Genre: Young adult fiction
Publisher, Year: Knopf Books, 2005
Other Works: The Book Thief
Flags: Adult themes, tenuous references
Rating: A, or Great Read
Challenge: 100 Books, Library
Premise: A young man finds himself on a journey to complete certain tasks: protect the diamonds, survive the clubs, dig deep through the spades, and feel the hearts.
I really enjoyed The Book Thief, so when a friend mentioned that she liked this book, I figured I should give it a go. Took me awhile to get around to it, slowly but surely. This one wasn't an automatic for me, but in the end, I think I liked it. I'm still not totally certain. Of one thing I am certain however, and that's that Zusak is a very talented, very brave writer. And even though I didn't love, love, love this book, I still have strong feelings for him as an author. (In the most Platonic way, of course--hehe.)
Ed Kennedy is going nowhere. He's a nineteen-year-old cabbie, making ends meet and playing cards--that's about the extent of his life. Until one day, he and his friends stumble into a bank robbery, where Ed finds himself in the unlikely role of hero. That's when he receives his first card, and his life changes forever. He faces each challenge completely empty-handed, looking and searching for ways to help the people he has to help. This time, failure is not an option. And as he meets his challenges, each one more difficult than the last, Ed finds something in himself that he never knew was there.
I loved Ed--there's something about him that is truly endearing. He's hopeless, and he doesn't care about that. He lives in the most honest way he can muster and looks for a bit a joy where he can find it. But he learns through his challenges, that that is not enough. It's not enough to live small. I think what Zusak touches on here is borrowed from John Donne. The idea that each of us is lacking something that someone else can fill, thereby making an entagled web of connections between all of our human hearts.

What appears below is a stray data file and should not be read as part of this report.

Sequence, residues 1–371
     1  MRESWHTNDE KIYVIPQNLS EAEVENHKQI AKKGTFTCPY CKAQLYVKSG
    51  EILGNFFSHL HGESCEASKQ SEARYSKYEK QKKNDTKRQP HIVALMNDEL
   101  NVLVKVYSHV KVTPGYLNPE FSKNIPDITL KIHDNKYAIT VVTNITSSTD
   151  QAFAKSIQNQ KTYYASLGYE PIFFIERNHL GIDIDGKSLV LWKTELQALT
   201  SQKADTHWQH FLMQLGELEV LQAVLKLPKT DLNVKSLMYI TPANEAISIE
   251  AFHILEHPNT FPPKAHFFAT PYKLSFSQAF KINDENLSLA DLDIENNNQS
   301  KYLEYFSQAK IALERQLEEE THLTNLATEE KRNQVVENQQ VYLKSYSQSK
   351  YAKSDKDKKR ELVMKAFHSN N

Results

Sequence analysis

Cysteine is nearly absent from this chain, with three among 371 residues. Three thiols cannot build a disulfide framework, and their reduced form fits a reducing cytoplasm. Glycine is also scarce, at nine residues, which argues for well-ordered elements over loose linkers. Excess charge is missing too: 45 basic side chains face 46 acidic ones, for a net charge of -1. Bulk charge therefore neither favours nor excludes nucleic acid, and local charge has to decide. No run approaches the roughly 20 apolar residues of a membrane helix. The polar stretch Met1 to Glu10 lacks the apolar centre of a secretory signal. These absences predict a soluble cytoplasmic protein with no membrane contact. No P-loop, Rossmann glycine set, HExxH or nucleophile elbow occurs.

And when that happens, when that intricate web is woven, you find love there--great love. A love that can only develop through great sacrifice. This was the part I felt I needed a few days to marinate with, after turning the last page. Because at times this story is violent, overly so. And that part confused me. For Ed, this journey was painful in every sense--emotionally and physically. And after all was said and done, the pain tied him to each person he met in such a deep way, as that pain slowly transformed into love. But why did it have to be so painful? Why were the consequences so great? And then I realized that it wasn't the pain that formed that unbreakable human bond--it was the act of sacrifice. And sacrifice is always painful. Without pain, there is no sacrifice. But without sacrifice, there is no love. And if you take away love, then you are left empty.
Zusak illuminates these sentiments with perfect clarity, without becoming sentimental. Every page is shot through with the most beautiful poetry and lasting images. But I have to say that I was disappointed in the ending, which I felt took away from the meaning of the story and made it feel arbitrary. However, I think this has very little to do with the quality of the writer, or even the book, but rather is a symptom of the process that is a writing career. Zusak is ever improving--he can't be thought at fault because of his success. These rungs on the ladder have to come from somewhere. And in that, I can pardon this terrible disappointment, and I didn't let it ruin the experience for me. And that's exactly the word I would use to describle this book--an experience. One that won't fade for some time, I'm sure. So yes, I think I liked I Am the Messenger--I'm pretty sure I did. =)